Wildrose leader Brian Jean apologizes for joking about beating Alberta Premier Rachel Notley
Wildrose leader Brian Jean is apologizing after he joked during a town hall forum in Fort McMurray about beating Premier Rachel Notley.
Jean made the comment Tuesday evening, when local seniors advocate Joan Furber complained about the quality of seniors’ care and housing in the city during a question and answer period.
“I’ve been beating this drum for 10, 11 years,” said Jean. “I will continue to beat it, I promise. But it’s against the law to beat Rachel Notley.”
Much of the audience laughed, while other corners of the room gasped in shock. Most members of the Wildrose caucus, who are meeting in Fort McMurray this week for caucus meetings, were scattered throughout the room.
I will continue to beat it, I promise. But it’s against the law to beat Rachel Notley
Tany Yao, Wildrose MLA for Fort McMurray-Wood Buffalo, stepped in and described how the Wildrose is advocating for high quality seniors’ living in Fort McMurray. Jean then apologized for his joke, insisting that Notley cares about the topic and has cooperated with Jean.
“We had some more conversations and she switched the decision the bureaucrats made in the previous government,” he said.
“I have to compliment that woman and I shouldn’t have said what I said because I truly admire her for that,” said Jean. “That was a very practical thing and not easily in her best interest and she could have easily just let that go like the previous government did, and she did not.”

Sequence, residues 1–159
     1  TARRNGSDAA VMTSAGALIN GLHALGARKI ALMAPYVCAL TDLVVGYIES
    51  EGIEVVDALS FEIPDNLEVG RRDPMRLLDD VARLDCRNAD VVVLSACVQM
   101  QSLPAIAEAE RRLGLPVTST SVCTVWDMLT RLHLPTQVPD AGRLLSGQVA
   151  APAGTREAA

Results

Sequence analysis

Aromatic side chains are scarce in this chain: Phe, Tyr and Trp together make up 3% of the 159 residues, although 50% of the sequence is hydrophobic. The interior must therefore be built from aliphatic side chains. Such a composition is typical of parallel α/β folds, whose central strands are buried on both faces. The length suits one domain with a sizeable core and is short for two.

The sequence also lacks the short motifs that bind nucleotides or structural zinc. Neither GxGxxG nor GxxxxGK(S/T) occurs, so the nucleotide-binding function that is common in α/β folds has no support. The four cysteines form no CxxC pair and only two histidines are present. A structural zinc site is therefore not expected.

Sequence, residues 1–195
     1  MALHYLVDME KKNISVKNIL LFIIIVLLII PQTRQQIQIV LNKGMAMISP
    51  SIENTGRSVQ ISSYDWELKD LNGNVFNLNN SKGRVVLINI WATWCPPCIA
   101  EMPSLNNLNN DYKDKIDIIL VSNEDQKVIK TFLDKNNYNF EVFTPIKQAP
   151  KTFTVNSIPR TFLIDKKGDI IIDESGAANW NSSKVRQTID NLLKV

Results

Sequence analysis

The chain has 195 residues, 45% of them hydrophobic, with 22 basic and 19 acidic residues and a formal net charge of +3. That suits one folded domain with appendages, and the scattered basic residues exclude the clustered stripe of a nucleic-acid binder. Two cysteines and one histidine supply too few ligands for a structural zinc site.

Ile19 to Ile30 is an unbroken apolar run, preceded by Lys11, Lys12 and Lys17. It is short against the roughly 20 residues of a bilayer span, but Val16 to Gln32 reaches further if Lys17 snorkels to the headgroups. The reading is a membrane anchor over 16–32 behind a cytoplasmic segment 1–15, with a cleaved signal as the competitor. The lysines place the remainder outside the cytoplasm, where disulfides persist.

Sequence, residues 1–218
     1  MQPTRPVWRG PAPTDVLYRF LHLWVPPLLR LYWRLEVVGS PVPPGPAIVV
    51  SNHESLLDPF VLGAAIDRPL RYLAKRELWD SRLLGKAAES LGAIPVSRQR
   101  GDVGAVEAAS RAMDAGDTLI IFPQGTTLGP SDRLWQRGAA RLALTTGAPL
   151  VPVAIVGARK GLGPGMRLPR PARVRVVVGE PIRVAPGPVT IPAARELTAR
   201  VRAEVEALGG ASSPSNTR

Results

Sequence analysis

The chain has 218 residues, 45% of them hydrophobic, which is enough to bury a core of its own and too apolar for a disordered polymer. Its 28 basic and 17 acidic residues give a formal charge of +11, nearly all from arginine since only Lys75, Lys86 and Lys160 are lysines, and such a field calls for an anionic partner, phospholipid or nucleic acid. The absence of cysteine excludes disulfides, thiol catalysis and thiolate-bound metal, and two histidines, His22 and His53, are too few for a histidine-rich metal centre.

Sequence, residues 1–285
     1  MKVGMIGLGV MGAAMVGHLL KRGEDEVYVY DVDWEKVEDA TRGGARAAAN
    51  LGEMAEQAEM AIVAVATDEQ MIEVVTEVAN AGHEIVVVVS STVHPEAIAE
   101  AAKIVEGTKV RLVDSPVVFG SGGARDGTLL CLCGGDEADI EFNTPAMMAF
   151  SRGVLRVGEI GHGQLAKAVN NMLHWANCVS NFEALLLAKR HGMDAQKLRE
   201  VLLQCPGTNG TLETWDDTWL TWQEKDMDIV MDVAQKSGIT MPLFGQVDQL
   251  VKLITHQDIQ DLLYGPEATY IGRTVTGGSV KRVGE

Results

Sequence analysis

Jean was praising Notley for moving a planned long-term care facility from Parsons Creek to the downtown Willow Square site last year.
For years, seniors had complained the Parsons Creek location was underdeveloped, and too far from the Northern Lights Regional Health Centre and downtown. Willow Square is also the site of a planned Aging in Place facility.
Jean then led the room in an applause for Notley’s actions on the topic.
An email a Wildrose spokesperson sent after the town hall meeting said Jean had reached out to Notley and apologized.
“Tonight during my town hall I made an inappropriate attempt at humour that I promptly apologized for,” he said in the email. “Jokes of this nature are never acceptable, and I hold myself to a higher standard.”
A spokesperson from Notley’s office could not be reached.
For the rest of the meeting, much of the public questions focused on the future of the party, pipelines and the provincial deficit, rather than the pace of reconstruction, which Jean has criticized as being too slow.
“We’re tired of subsidizing the mayor of Montreal,” said Fort McMurray man Derek Quesnel, who asked if it ending equalization payments was a possibility in the near future.
“We’re tired of it as well,” replied Jean. “There is a way to deal with it, and that is negotiation and that’s what I would like to try. I think we have the opportunity to try, especially in the current financial situation were in.”
Another man asked for Jean’s thoughts on PC leadership candidate and Conservative MP Jason Kenney and his plans to unite Canada’s conservative parties.
“I think the best way for Jason Kenney to unite the right would be to come join the Wildrose,” said Jean.
“We think the PCs should decide who they are and who they stand up for, because they don’t really know who they’re for or against,” he said. “We’ll let the PCs decide who they want to pick as a leader and we’ll talk about it from there. But as far as Jason Kenney goes, I knew him in Ottawa for 10 years, I worked with him, he’s fine. He’s a hardworking guy.”
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